TorontoWalk: Tommy Thompson Park

Today, we’re trying to do this bike/walk trip. We’ll go as deep as we can into the Leslie Street Spit which extends five km into Lake Ontario and is over 500 hectares in size. If you’re interested in joining us, but don’t want to face the traffic, there’s this virtual tour.

For a history of TTP (Tommy Thompson Park), look to TTP’s website. TTP is completely man-made, originally constructed by Toronto Harbour Commissioners (THC) in 1959,  the land was drastically increased in 1973. From 1974 to 1983 approximately 6,500,000 cubic metres of sand/silt were dredged from the Outer Harbour and placed at the spit which created the many lagoons and sand peninsulas. And it hasn’t stopped. OVer the years, additional fill has widened and extended the shoreline, and despite the restricted operation hours (mainly weekends) well over 100,000 visitors enjoy TTP annually. Given the high visitor numbers, the proposed residential growth in the West Don Lands that could see local resident numbers reach 60,000 and the development of Lake Ontario Park, TTP is recognized as one of the best areas for greenspace improvement along the Toronto waterfront.

With the construction in the area, we’re hoping to start our walk close to the regular 1:00 time, but that could change!

TorontoWalk: Dufferin St.

My parents recently came back from Uganda after participating as Curricula Consultants with “Teachers Helping Teachers” and they’re coming over tonight for dinner. So today’s TorontoWalk will include a stop off for some groceries at a Dufferin locale. But! The history!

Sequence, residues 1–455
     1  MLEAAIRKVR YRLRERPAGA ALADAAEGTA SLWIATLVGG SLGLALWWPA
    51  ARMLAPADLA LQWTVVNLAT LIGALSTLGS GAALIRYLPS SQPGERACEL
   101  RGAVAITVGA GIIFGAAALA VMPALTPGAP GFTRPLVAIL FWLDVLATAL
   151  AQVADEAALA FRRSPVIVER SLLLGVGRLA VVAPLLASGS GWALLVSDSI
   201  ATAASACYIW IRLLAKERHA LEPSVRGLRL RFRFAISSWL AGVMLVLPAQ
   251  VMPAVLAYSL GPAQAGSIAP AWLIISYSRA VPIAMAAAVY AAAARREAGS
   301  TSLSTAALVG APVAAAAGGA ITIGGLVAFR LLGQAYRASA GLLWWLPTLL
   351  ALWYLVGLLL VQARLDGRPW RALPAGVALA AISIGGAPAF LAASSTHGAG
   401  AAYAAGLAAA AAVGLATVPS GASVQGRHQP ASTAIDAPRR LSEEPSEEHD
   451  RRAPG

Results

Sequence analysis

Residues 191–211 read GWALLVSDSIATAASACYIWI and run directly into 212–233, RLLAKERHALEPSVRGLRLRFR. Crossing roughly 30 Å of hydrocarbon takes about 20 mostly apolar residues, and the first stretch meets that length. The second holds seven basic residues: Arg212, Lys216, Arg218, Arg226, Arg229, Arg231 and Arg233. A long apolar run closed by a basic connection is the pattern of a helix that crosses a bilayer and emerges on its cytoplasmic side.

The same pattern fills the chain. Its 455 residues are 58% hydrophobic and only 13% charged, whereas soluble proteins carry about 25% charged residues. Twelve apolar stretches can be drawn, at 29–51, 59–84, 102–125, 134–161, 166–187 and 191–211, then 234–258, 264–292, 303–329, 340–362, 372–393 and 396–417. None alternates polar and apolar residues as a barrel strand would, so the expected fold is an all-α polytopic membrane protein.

“Dufferin” is named for Frederick Hamilton-Temple-Blackwood, 1st Marquess of Dufferin and Ava, who served as Governor General of Canada from 1872 to 1878. He’s known as one of the most successful diplomats of his time, due in part to his work in Syria and Lebanon – and in part to having pretty outstanding facial hair.

Dufferin – the street – has also earned notice. In 2003, 2007, and 2013 it was voted as one of “Ontario’s Worst 20 Roads” in the Ontario’s Worst Roads Poll.  Today we’re doing a Dufferin leg between Dupont and College, where the street is primarily residential on both sides though there are some historical notables:

The Dufferin Mall, for example, sits on land that until 1955 was occupied by a half-mile race track officially called Dufferin Park, but unofficially nicknamed Little Saratoga and Sufferin Park. Once owned by the Denison family, the racetrack had been operating since the 1800s and survived a battle with churches and newspapers against race-track gambling in Canada. You can tell that the bad blood continued for sometime as an obituary that appeared in the Globe and Mail described Abe Orpen (the Racetrack’s owner and operator) as “the lawbreaker who ran the poolroom in old Toronto Junction, and came within an inch of going to jail as the proprietor of a gambling club on Wellington Street.”

The Dufferin Mall and Dufferin Grove Park area – in addition to being one of many a race track in Toronto – also served as a stadium for events like circuses and wild west shows like the Young Buffalo wild west shows that featured performers such as Annie Oakley, “peerless rifle and wing shot of the world.” Just imagine: Annie Oakley, the animals and performers of the circus marching along Bloor and Brock from the old TTC barns on Lansdowne down to the track on Dufferin.

North of College, and west of Dufferin is the former village of Brockton and on the east is the Dufferin Grove neighbourhood, named after the park on the east side of Dufferin. From Bloor Street to Davenport, Dufferin is lined with homes built from the 1920s to post-World War II. The Galleria Mall is located on the west side of Dufferin and on the south side of Dupont Street, and for most in the area, it serves as a reminder of local business struggling against a lack of consistent anchor stores. After Zellers was replaced by… nothing,. The only things holding this building together are the Fresh Co, LCBO, and Dollar store.